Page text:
But, ratification was obtained only after hundreds of campaigns in state after state as the suffragists met with defeat. (Incidentally, the correct term is “suffragist,” not suffragette. The British were the suffragettes and were considered more “radical,” so the Americans wanted to distinguish themselves and were referred to as “suffragists.”)

Few know that it was women seeking the vote who first picketed the White House for a political cause, that these courageous women faced jail, hunger strikes, and forced feedings, years of organizing, ridicule, and great disappointment after the Civil War when the 14th and 15th Amendments excluded women from voting. Yet they persevered until victory was achieved in Nashville on August 18, 1920.

When the 19th Amendment was ratified in 1920 in my home state of Tennessee, this country achieved universal suffrage. The complete story is told in The Perfect 36: Tennessee Delivers Woman Suffrage which details this 72-year struggle – the greatest bloodless revolution in American history. It’s available at

Imagine being told it would take you 72 years to achieve something you really believed in. Would you persevere? The suffragists did.
As Carrie Chapman Catt, the great suffrage leader from Iowa, said in her book, Woman Suffrage and Politics: “To get the word ‘male’ in effect out of the Constitution cost the women of this country 52 years of pauseless campaign . . . During that time they were forced to conduct 56 campaigns of referenda to male voters; 480 campaigns to get Legislatures to submit suffrage amendments to voters; 47 campaigns to get State constitutional conventions to write woman suffrage into state constitutions; 277 campaigns to get State party conventions to include woman suffrage planks; 30 campaigns to get presidential party conventions to adopt woman suffrage planks in party platforms, and 19 campaigns with 19 successive Congresses.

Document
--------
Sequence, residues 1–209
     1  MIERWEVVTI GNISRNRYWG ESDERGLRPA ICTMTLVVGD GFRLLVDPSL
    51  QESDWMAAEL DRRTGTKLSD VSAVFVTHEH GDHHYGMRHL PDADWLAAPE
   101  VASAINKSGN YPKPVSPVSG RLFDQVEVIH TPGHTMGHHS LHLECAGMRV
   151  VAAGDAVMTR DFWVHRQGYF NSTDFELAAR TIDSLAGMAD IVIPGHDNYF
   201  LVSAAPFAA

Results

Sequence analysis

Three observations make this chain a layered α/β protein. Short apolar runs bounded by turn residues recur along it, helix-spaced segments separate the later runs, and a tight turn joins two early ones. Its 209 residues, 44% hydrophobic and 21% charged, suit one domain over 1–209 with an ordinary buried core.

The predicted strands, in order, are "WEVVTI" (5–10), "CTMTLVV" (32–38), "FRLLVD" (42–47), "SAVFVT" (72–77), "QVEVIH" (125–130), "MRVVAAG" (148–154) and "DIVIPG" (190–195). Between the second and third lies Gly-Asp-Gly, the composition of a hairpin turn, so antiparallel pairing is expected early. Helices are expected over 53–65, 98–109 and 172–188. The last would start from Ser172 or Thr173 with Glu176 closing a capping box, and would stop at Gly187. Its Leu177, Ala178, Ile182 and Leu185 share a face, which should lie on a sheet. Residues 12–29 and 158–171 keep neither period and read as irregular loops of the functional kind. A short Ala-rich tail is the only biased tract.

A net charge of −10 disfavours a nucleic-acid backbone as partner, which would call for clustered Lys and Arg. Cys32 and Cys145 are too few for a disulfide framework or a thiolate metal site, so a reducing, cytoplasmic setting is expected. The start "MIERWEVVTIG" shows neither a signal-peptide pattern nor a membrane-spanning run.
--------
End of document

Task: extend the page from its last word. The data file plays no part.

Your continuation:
“Millions of dollars were raised, mainly in small sums, and expended with economic care. Hundreds of women gave the accumulated possibilities of an entire lifetime, thousands gave years of their lives, hundreds of thousands gave constant interest and such aid as they could. It was a continuous, seemingly endless, chain of activity. Young suffragists who helped forge the last links of that chain were not born when it began. Old suffragists who forged the first links were dead when it ended

“It is doubtful if any man, even among suffrage men, ever realized what the suffrage struggle came to mean to women before the end was allowed in America. How much time and patience, how much work, energy, and aspiration, how much faith, how much hope, how much despair went into it. It leaves its mark on one, such a struggle . . . .”

The suffragists believed that democracy is not a spectator sport. The lessons we learn are that ordinary people can do extraordinary things and change the course of history. When the movement began to lower the voting age from 21 to 18, the struggle wasn’t nearly as difficult. The turmoil created by the Vietnam War paved the way for ratification of the 26th Amendment. “Old enough to fight, old enough to vote” was a common slogan used by proponents of lowering the voting age.

On March 10, 1971, the Senate voted 94–0 in favor of proposing a Constitutional amendment to guarantee that the voting age could not be higher than 18. On March 23, 1971, the House of Representatives voted 401–19 in favor of the proposed amendment. Within four months after Congress submitted it to the states, the amendment was ratified by three-fourths of the state legislatures, the shortest time in which any proposed amendment has received the number of ratifications need-
ed. It became law on July 5, 1971.

If you are not yet registered to vote, check with your Student Government Association or political science department. Or go online to find out the voting requirements for your state. Your vote does make a difference!